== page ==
Biotin (Vitamin H)
Biotin, or Vitamin H, is a B-complex vitamin that is known as a beauty nutrient for hair, skin and nails. As we age, our bodies produce less of the structural proteins that we need to keep our hair, skin and nails healthy and strong, including keratin. Biotin is found in foods like egg yolk, oats and spinach. A deficiency in Biotin can cause dry skin, thinning hair, and brittle nails. Biotin also supports energy and metabolism in the body, as it has the ability to turn carbohydrates and fats into energy.†
Exclusive InVite® Health Features of Biotin (Vitamin H)
- Non-GMO Dietary Supplement
- Made Following cGMP (current Good Manufacturing Practices)
- Scientifically Formulated by InVite® degreed healthcare professionals, using the latest clinical studies and scientific research
- Convenient tablet form for efficient absorption
As a dietary supplement for adults, take one (1) tablet once or twice a day with meals, or as directed by a health care professional.
|Serving size: 1 Tablet
|Servings Per Container: 90
|Amount Per Serving
|*Daily Value (DV) not established.
Other Ingredients: Dicalcium phosphate,
Microcrystalline cellulose, Stearic acid, Vegetable
stearate, Croscarmellose sodium, Silicon dioxide,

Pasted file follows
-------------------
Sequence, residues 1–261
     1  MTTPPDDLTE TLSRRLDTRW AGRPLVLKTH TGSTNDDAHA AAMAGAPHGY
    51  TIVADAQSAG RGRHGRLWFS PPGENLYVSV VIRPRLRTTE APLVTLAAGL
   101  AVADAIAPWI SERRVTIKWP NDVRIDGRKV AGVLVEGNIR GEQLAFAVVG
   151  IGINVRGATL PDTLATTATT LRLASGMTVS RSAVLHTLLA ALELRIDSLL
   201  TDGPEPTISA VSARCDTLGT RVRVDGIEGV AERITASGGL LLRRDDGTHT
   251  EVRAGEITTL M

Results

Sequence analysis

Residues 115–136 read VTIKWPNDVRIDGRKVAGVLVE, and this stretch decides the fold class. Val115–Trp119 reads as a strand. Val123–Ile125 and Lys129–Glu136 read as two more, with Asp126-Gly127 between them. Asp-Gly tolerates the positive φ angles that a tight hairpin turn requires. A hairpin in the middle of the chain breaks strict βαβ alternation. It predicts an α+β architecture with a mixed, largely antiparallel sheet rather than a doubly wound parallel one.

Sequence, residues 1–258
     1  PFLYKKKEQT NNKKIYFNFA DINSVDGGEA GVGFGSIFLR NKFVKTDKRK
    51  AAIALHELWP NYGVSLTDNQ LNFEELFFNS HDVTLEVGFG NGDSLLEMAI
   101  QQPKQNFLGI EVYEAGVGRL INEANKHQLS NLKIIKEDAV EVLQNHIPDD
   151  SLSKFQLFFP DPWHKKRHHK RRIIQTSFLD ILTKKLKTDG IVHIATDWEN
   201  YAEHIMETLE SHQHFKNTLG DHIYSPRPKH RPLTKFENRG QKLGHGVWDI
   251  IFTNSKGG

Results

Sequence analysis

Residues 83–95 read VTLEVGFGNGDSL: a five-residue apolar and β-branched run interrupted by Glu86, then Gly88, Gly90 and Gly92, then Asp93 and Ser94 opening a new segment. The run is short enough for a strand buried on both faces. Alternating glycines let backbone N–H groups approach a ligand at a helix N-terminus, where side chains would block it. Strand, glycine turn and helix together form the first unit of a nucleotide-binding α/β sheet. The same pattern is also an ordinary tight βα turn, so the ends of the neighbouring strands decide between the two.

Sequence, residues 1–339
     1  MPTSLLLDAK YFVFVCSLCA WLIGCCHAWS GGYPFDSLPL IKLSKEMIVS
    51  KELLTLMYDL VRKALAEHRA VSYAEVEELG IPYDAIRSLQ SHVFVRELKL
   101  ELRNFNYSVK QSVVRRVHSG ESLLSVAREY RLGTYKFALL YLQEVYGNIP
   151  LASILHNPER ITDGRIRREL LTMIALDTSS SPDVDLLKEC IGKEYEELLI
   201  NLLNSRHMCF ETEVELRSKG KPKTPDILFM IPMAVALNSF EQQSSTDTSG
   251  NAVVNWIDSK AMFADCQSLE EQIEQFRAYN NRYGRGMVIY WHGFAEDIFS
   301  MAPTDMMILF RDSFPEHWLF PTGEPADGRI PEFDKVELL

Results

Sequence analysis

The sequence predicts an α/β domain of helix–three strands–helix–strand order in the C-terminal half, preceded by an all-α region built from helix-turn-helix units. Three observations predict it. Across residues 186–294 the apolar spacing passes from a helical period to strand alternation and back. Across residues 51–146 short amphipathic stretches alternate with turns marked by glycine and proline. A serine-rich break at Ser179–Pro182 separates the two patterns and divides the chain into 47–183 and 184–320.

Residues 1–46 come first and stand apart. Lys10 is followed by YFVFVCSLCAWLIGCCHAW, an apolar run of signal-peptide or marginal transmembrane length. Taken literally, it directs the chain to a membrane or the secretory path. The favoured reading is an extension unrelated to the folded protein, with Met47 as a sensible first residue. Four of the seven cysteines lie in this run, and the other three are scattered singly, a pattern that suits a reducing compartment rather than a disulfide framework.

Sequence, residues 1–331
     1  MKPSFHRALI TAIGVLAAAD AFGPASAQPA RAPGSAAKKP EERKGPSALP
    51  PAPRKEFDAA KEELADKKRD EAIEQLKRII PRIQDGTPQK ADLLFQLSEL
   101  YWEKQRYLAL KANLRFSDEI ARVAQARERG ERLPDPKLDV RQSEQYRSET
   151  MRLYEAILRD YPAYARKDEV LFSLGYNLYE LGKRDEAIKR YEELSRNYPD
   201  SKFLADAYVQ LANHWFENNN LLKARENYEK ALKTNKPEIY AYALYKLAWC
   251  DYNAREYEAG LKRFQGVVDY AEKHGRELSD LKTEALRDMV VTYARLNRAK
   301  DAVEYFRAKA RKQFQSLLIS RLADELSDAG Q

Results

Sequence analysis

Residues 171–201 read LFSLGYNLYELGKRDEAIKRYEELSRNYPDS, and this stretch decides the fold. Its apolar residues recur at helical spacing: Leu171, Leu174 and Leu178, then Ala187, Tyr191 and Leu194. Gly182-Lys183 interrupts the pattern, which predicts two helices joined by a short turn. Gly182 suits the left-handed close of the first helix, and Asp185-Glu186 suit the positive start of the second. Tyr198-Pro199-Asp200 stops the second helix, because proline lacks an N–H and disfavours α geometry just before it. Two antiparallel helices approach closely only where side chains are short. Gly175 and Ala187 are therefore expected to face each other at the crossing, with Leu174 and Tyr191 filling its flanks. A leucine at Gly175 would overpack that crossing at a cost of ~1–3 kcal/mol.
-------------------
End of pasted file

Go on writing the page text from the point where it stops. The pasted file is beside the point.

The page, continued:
As a dietary supplement for adults, take one (1) tablet once or twice a day with meals, or as directed by a healthcare professional.
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B-Complex Vitamins & Your Brain, Part 2
Biotin for More Than Your Hair and Nails
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The Science Behind Biotin
A study published in Skin Appendage Disorders found that supplementation with Biotin displayed support for the health and growth of skin and nails, due to its involvement in protein synthesis and keratin production that makes it so efficient for healthy nail and hair growth. 
A study published in Archives of Medical Research describes Biotin’s essential role in metabolism. Biotin, a water-soluble vitamin, is used as a cofactor of enzymes involved in carbohydrate metabolism. Biotin also plays an essential role in the support of maintaining metabolism. 
A study published in the Journal of Inherited Metabolic Disease describes Biotin’s role in metabolism and gene expression. Biotin plays key roles in brain health and function as well. Biotin is essential for gene repression and DNA repair. There have been more than 2,000 biotin-dependent genes identified in human lymphatic and liver cells. Certain probiotic species like Lactobacillus plantarum, Lactobacillus casei, Ochromonas danica, Escherichia coli C162, Saccharomyces cerevisiae, and Kloeckera brevis depend on biotin for growth. It has been suggested that about half of the pregnant women in the U.S. are in some way biotin-deficient, despite a normal dietary biotin intake. 
 Skin Appendage Disord. 2017 Aug; 3(3): 166–169.
 Arch Med Res. Sep-Oct 2002;33(5):439-47.
 J Inherit Metab Dis. 2019 Jul;42(4):647-654.